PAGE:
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David P. Kozinski’s first full-length book of poems, Tripping Over Memorial Day (Kelsay Books) was published in January. He won the Delaware Literary Connection’s 2015 spring poetry contest and the Seventh Annual Dogfish Head Poetry Prize, which included publication of his chapbook, Loopholes. Publications include Apiary, Cheat River Review, Philadelphia Stories, Rasputin.

Magnesium

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Reviewed by Frank Wilson
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John Stuart Mill drew a shrewd distinction between eloquence and poetry. The former, he said, is heard. The latter is overheard.
The best of the poems in Ray Buckley’s Magnesium demonstrate the soundness of Mill’s observation. Take this one, for instance:
I was mistaken when I said
those things to you.
I’m apologizing now.
For being wrong and for
being very sure I wasn’t.
This sounds exactly like something you might hear in the booth next to yours in a restaurant, and it reminds one of how poetic the fragments of ordinary discourse can often sound — and be. Like many of the poems in this collection, this one’s first line serves as its title. None of the poems is titled “Magnesium,” though many of them and many of the lines that compose them bring to mind that experiment one did in high school chemistry class, when you set alight a thin strip of magnesium wire and watched it sizzle. “Who will reveal us to what we are thinking?” has just that sort of sparkle.
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Poems are not the only things here. There are prose interludes, and what are best described as playlets, fragmentary dialogues. One of these, “Piccadilly Circus,” has two guys in a phone booth at the London landmark trying to reach a girl to tell her where to meet them. It would make for an effectively absurd skit a la Samuel Beckett (who is referenced from time to time in the book). There is a sort of narrative at work here, defined largely by a sense of disaffection and the need for apology. This can be wryly self-deprecating, as in the conclusion to “One Too Many Things”:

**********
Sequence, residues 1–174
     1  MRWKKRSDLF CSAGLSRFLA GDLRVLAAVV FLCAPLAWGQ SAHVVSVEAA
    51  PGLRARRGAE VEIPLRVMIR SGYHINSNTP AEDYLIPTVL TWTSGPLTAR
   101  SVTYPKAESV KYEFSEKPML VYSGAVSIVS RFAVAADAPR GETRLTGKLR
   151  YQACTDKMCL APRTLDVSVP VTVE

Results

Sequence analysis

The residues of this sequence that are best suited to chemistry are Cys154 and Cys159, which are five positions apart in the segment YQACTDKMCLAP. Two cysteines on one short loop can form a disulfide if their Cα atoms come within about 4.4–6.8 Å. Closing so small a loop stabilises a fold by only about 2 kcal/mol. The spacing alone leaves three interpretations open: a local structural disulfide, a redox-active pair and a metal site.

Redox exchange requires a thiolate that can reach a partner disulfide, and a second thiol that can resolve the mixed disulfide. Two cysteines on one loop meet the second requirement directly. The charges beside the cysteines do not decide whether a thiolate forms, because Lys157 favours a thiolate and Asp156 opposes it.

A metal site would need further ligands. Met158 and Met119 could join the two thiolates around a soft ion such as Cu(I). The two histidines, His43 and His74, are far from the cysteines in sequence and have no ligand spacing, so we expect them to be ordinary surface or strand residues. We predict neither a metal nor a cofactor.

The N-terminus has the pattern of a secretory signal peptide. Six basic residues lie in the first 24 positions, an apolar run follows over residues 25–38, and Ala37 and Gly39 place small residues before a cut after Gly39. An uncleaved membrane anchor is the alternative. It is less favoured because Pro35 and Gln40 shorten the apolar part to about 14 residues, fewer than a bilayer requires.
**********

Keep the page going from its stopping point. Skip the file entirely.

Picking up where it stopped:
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I work very hard to be considered significant.
I have intentions of having a very elevating photograph taken of me
at some point so it can accompany the paragraphs I’ve written
dedicated to my abiding attention to my own immortality.
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It does seem that the speaker in these poems has much to be apologetic about. There are the references to drugs: “I’d be in better shape to say something to you/if I had something other than 2631 in my system.” Cyclobenzaprine hydrochloride, known by the number 2631 on the pill, is a muscle relaxant, which would seem no big deal. But a later, one-line poem announces “I ran out of narcotics. But I have this bottle of muscle relaxers.” And the very next poem, also a one-liner, notes that “It’s very good for one’s career to affect a drug problem.” So we may well be dealing with a less than reliable narrator, which might be a problem were it not that the speaker himself sometimes doubts his reliability:
I’m sorry I made you believe I was a liar. The strangeness of my honesty was a red herring. … I don’t know how to properly explain to you how false everything you believe is.
The recurring sense of unfulfillment grows trying at times, but one never doubts its authenticity. It would appear to be a common mode of being these days. And every now and then there is the exultation of “Be Grace”:
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Tell us how you started it all.
Grow roots in us which we’ll
Wish ourselves the prisoners of
Reach in like all there is is reaching.
Be grace, and tell us your secret.
Like eternity, shine like eternity.
Go into us, contain us.
And be grace. 
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Ray Buckley is worth keeping an eye on.
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Frank Wilson is a retired Inquirer book editor. Visit his blog Books, Inq. — The Epilogue. Email him at PresterFrank@gmail.com.
 
 
 

Shoot the Messenger

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Review by g emil reutter